Kathleen Edwards, Voyageur
Kathleen Edwards faces one of the toughest possible paths to popular success: She’s that singer-songwriter who’s so good, you can’t help but wish she stood out more. Like Tift Merritt and countless others who’ve preceded and surrounded her, Edwards resides in a shadowy netherworld between genres, where folk and pop and country morph into a genre-less place that’s ironically both accessible and hard to sell in a marketplace that requires its artists to fit into a clear niche.
Voyageur, out Jan. 17, has as good a shot of breaking through as anything Edwards has recorded. Sure, it’s the sort of lovely, undemanding sleeper that tends to disappear amid strong reviews and slow sales. But it also gets a high-profile assist from heavily Grammy-nominated Bon Iver frontman Justin Vernon, whose presence — both on the record and in Edwards’ personal life — is bound to attract newcomers who’ve heard of the Canadian singer but never dug too deeply into her charming records. As a backup singer, multi-instrumentalist and co-producer (with Edwards), Vernon lends these songs only subtle shading; his presence is noticeable throughoutVoyageur, but he never threatens to subsume Edwards’ identity. This is her record, and she owns it.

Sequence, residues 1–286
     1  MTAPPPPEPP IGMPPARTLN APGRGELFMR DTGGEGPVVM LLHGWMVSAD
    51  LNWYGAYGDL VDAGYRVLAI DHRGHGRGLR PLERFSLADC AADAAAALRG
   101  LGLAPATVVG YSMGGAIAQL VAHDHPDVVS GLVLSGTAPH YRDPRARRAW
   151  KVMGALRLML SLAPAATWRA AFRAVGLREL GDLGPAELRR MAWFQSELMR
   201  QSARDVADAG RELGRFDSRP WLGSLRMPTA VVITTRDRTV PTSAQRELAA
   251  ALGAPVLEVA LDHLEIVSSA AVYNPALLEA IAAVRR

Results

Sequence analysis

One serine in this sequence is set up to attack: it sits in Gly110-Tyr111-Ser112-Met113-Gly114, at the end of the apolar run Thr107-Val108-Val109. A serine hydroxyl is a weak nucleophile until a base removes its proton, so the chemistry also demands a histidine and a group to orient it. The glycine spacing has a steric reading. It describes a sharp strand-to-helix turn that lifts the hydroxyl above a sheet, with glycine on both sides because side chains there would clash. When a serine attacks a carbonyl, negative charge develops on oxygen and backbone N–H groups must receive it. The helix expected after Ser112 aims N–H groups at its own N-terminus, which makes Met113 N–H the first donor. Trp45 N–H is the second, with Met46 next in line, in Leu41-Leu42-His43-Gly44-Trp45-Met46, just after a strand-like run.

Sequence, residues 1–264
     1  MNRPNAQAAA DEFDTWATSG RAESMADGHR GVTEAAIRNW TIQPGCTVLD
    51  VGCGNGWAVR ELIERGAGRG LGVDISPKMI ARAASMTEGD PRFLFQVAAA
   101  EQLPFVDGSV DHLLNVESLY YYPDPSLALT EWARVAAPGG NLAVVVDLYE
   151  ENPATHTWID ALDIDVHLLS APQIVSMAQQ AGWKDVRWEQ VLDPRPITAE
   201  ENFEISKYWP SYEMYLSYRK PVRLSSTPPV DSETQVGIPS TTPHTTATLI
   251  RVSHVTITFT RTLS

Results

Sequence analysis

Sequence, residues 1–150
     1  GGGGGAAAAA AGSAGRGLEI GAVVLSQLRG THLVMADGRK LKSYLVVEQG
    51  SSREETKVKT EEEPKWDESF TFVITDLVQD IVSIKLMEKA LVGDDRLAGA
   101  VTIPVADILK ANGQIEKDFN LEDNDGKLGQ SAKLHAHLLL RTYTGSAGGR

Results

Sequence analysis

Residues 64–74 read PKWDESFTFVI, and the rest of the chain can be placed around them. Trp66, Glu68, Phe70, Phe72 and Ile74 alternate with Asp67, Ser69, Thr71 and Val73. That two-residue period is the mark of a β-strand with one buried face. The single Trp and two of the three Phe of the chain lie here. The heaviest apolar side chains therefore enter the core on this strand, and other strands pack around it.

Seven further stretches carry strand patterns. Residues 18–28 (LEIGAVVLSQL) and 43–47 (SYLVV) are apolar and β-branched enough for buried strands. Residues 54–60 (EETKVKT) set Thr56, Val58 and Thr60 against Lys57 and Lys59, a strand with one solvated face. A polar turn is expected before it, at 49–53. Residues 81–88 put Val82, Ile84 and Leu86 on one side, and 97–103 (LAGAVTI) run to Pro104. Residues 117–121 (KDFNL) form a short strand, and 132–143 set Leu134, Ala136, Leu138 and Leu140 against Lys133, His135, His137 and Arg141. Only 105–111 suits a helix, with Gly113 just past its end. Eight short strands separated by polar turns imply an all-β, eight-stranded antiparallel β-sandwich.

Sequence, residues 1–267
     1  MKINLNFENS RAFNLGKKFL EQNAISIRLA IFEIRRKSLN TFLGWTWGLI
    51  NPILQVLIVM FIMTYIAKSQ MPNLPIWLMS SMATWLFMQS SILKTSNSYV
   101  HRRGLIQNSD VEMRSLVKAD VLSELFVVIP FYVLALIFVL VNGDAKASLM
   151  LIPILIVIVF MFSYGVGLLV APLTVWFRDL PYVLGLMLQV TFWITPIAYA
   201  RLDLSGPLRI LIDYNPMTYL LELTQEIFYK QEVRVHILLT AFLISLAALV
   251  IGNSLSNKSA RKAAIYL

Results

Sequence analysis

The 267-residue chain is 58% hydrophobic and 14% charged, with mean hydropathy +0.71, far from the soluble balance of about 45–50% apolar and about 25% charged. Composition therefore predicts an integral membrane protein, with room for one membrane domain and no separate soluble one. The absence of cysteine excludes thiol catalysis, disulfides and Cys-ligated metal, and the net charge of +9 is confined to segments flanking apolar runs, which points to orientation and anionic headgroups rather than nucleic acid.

Still, though not given to co-writing in the past, Edwards shows impeccable taste in collaborators here; she co-wrote two of these songs with The Long Winters’ insufficiently celebrated John Roderick. Edwards benefits enormously from the exchange of ideas: Her songs feel as personal and lived-in as ever, but they’re more inviting than usual. Take the tremendous minor-key ballad “A Soft Place to Land,” which Edwards wrote with Roderick: It’s a perfect mashup of Edwards’ confessional balladry, Bon Iver’s dramatic minor-key beauty and Roderick’s gift for wryly open-hearted pop. By inviting others into her sound, Edwards has never seemed more confident in her own considerable gifts.